The repos contains 4 scripts in addition to the module for illustrating how the KLE object can be used for simulation and identification. Regarding identification, once the sample paths have been transformed into a sample of coefficients vector, we are back into basic statistics! Hence, OpenTURNS can be used for identifying the joint distribution of this coefficients vector. Karhunen-Loève theory states they are zero-mean, unit-variance and uncorrelated (by construction) but their joint distribution is generally unknown if the field is not assumed to be Gaussian. Identifying such large vectors is still a technically (if not scientifically) openned question though so...

Enjoy and give us feedback!

Marine Marcilhac & Vincent Dubourg

PS: Thank Marc Berveiller and Géraud Blatman at EdF for the very first feedback which helped reaching this first public version.

Easy fitting using OpenTURNS

The development of python functionalities to easily fit statistical univariate distributions from 1D samples is proposed.

These functionalities are available through two subpackages:

  • FitContinuousDistribution1D: fitting tests for continuous distributions.
  • FitDiscreteDistribution1D: fitting tests for discrete distributions

In the two cases, the sample is tested using a catalog of all distribution factories implemented in the OpenTURNS library. The fitting object result gives access to several services:

  • Get the list of all distributions for which the test has been done, sorted according to BIC or Kolmogorov criterion.
  • Get the list of all distributions for which the test has been accepted according to the Kolmogorov criterion.

This list is sorted according to BIC or Kolmogorov criterion;

  • Get the list of distributions for which the test could not be done and the reason.
  • Pretty print (Tested distributions, accepted distributions, not tested distributions).

Here is an example of use :

import openturns as ot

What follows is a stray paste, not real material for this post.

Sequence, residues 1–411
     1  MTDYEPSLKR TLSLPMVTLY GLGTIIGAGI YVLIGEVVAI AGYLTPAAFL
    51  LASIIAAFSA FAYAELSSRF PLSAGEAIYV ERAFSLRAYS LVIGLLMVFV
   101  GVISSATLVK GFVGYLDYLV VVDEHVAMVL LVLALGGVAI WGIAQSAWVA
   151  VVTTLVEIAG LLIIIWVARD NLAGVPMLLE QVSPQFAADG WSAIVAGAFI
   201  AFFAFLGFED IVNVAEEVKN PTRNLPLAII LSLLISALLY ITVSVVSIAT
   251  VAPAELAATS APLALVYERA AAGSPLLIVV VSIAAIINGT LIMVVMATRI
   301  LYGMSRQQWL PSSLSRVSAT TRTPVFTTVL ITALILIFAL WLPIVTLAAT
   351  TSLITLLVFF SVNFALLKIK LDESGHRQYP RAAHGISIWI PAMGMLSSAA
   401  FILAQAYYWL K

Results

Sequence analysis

from easyfitting import FitContinuousDistribution1D
# Continuous case
x = ot.Normal(0, 1).getSample(20)
pvalue = 0.10
fitting = FitContinuousDistribution1D(x, pvalue)
# Print all distributions tested and ranked according to BIC criterion
# Get this list
all_distributions_tested = fitting.getTestedDistribution()
# Print all distributions accepted and ranked according to KS criterion
# Get this list
all_distributions_accepted = fitting.getAcceptedDistribution('KS')
# Print distributions that could not be tested and the reason

The sources could be downloaded here

We welcome any comments.



ps: For the discrete case, current OpenTURNS version is limited. Indeed, the library has not been updated due to recent changes in rot package. Thus only Poisson and Geometric distributions have correctly been tested.

First binary release of the OpenTURNS-MIXMOD module


Using the new cross-compilation framework for the modules, I built the first binary version of the openturns-mixmod module for Windows. It is compatible with the official 1.0 release of OpenTURNS and should run both on 32bits and 64bits versions of Windows, from XP to seven.

Please open tickets if you find any bug.



Slides of the fifth OpenTURNS User's day


Here are part of the slides of the fifth OpenTURNS User's day. Some slides were not included due to author's restrictions.



New distributed python wrapper


a new python wrapper is available on the souchaud branch : svn co (version 2691 is ok)

characteristic of the new wrapper :

  • ease-of-use: use python language and propose a module (coupling_tools) that helps manipulate templates
  • transparent compute distribution on each core of the local machine.
  • transparent compute distribution on each core of several hosts (needs a ssh server on each remote hosts, not yet implemented on windows).
  • transparent compute distribution using a remote cluster (not yet implemented)

An example is available in the branch: wrappers/WrapperTemplates/wrapper_python_distributed.
If you want to distribute computing onto several hosts, the python-paramiko module must be installed on the machine that launch the openturns script.

For further info on the DistributedPythonFunction and CouplingTools interface :

This wrapper should be tested in order to give us enough feedback. It is still under development and some part of its code has to be improved/cleanup...

This wrapper overhead is around 0.05s per point (constant from 1 to 8 cores), so external code that last less than 0.1s will not be speed up as fast as theoricaly. (e.g. 1000 point to compute. each point last 0.1s -> total computing time using one core : 1000*(0.1+0.05) = 150s (would be 100s without overhead)). Tested on i7 2.3Ghz*8 w/oHT + SSD.
The current C wrapper (e.g. in wrappers/WrapperTemplates/wrapper_calling_shell_command) overhead is around 0.01s per point (dependent to the number of core used: 1core->overhead=0.007s, 8cores->overhead=0.02s).

If you've got a huge number of point that last less that 0.01s, the best is to implement _exec_sample function directly (using C wrapper or OpenTURNSPythonFunction). If needed, the new wrapper could in the future, permit to implement _exec_sample in order to reduce the overhead.

If you've got some ideas or remarks, do not hesitate to make a comment, but check first it is not already in the todo file (in wrappers/WrapperTemplates/wrapper_python_distributed/TODO.txt).


Mathieu Souchaud